This whole story is now in tatters. The strength and success of the Ukrainian resistance to date, the brutality of the Russian onslaught, and the support for Ukraine in the rest of the world and even among Russians have contributed to this. Now, two narratives are vying for primacy.

The first is that it turns out to be “The Great Turning Point”. According to this analysis, the European Union is now pulling itself together, the other autocrats of the world are deciding to fall into line, the crazy pro-Russian tendency within American conservatism is decisively defeated, restoring the United States to a party of credible centre-right while bringing a new breath of life to the president. And maybe, just maybe, this is when Russia turns on Putin. Liberalism is finally gaining the upper hand over authoritarian populism. Here are some of the talking points in favor:

The other story only needs one word: “Chaos”.

The cover, as far as I can tell at the moment, oscillates between these two narratives, with a whiff of premature triumphalism mingling with growing disquiet. In the long run, it matters a lot which one wins; in the short term, the fact that Putin cannot simply take Ukraine and leave the West powerless to do anything about it means that the situation is much more risky than it appeared last week.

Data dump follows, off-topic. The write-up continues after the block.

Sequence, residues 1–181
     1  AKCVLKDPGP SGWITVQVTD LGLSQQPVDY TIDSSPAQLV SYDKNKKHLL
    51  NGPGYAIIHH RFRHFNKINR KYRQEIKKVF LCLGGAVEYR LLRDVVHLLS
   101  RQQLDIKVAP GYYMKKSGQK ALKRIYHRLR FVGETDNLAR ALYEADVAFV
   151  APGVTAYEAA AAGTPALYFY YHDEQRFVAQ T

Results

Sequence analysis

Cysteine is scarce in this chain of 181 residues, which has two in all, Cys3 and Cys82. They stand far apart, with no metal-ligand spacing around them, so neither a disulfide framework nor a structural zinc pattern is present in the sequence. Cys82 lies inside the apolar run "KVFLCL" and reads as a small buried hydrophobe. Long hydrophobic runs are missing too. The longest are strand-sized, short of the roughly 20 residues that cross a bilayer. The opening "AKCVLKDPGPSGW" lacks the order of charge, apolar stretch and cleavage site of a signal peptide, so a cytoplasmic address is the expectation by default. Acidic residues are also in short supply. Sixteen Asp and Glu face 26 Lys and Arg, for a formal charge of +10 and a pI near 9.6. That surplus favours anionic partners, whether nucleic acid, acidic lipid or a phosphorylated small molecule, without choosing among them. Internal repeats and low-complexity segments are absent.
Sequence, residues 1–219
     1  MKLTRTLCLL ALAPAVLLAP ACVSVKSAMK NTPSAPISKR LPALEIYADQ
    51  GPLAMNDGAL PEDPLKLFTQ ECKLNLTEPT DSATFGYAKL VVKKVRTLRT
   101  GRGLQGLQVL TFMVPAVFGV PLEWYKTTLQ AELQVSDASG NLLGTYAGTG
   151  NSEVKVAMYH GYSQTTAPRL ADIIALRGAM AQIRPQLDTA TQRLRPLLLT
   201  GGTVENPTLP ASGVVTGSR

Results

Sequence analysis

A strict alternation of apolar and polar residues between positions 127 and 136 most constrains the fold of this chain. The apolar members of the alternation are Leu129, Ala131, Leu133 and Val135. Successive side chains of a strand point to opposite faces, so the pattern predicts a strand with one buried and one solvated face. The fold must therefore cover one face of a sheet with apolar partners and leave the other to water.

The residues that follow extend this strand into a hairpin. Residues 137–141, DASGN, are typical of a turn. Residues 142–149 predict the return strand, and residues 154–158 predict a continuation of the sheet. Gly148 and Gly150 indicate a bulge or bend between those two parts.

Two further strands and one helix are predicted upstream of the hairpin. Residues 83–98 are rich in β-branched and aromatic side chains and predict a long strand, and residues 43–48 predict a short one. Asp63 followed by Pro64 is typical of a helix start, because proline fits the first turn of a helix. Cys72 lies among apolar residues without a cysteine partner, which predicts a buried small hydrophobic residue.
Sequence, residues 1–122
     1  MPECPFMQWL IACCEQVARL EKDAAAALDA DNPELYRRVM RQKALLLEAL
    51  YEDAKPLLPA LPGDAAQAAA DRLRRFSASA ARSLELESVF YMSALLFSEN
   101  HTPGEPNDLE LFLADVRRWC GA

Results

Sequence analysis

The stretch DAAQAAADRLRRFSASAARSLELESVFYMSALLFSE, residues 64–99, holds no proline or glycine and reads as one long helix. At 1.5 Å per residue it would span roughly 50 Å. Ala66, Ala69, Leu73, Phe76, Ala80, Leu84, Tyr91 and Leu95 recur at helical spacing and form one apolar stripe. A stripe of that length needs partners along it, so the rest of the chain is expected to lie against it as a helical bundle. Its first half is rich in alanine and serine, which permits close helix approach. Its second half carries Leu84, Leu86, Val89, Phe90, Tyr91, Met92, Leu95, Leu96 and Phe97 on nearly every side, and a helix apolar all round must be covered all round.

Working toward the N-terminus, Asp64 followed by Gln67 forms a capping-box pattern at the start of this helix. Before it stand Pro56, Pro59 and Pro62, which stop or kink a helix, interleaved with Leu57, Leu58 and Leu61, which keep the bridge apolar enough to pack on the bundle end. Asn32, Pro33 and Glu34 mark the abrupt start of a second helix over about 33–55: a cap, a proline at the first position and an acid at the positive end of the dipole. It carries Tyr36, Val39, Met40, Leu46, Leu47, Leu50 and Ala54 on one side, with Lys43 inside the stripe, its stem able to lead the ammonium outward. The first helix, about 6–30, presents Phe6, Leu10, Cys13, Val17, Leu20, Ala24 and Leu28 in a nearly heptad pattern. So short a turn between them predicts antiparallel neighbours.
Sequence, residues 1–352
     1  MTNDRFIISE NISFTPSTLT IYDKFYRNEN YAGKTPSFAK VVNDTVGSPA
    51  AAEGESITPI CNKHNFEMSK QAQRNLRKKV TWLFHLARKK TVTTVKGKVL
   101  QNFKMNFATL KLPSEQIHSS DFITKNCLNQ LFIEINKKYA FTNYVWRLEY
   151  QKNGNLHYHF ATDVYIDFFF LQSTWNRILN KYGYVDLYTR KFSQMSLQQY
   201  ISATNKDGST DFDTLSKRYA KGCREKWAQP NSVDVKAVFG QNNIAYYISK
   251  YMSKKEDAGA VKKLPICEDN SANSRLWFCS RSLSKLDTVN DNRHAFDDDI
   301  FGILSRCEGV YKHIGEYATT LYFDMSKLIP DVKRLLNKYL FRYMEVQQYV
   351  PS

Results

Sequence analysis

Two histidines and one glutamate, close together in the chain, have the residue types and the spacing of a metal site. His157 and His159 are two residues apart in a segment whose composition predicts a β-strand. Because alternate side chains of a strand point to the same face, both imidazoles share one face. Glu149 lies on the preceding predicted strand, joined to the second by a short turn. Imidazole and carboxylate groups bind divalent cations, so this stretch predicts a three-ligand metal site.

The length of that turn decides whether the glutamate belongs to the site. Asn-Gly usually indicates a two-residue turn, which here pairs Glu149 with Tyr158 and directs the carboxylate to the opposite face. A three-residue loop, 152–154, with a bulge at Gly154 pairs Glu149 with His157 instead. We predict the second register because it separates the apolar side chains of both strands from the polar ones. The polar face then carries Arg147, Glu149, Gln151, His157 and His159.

Many historical analogies circulate. I think the best might be with “Red Monday”, August 19, 1991, when Mikhail Gorbachev was detained at his dacha and a group of Soviet extremists declared a coup. The era of glasnost and perestroika was over; the world should once again get used to a Brezhnev-style Soviet Union. The markets have closed. Then Boris Yeltsin stood on top of a tank, the coup failed, and on Friday Yeltsin threw a piece of paper in Gorbachev’s face and demanded that he sign a law banning the Communist Party .

In five days, the narrative went from “Return to Brezhnev” to “Russia is no longer a communist”. By the end of the year, the Soviet Union was finished. These were developments of frightening rapidity, which reverberated throughout the following decades. They have serious ramifications in Ukraine right now. The roles of Gorbachev and Yeltsin, both considered unequivocal heroes at one time, remain controversial. But the chances that we will come to see an analogy between Volodymyr Zelenskiy and his social media posts with Yeltsin’s speech from a tank seem strong. And even if Putin finds himself in the role of Gorbachev, which still seems unlikely, there is plenty of room for things to go right or wrong in the years to come.

This time around, the narrative departed from “Putin can have what he wants” with equally astonishing speed. The lesson for investors is to be extremely cautious and remember that a short-term outcome that is unfavorable to the market (more uncertainty) is a much-desired long-term outcome.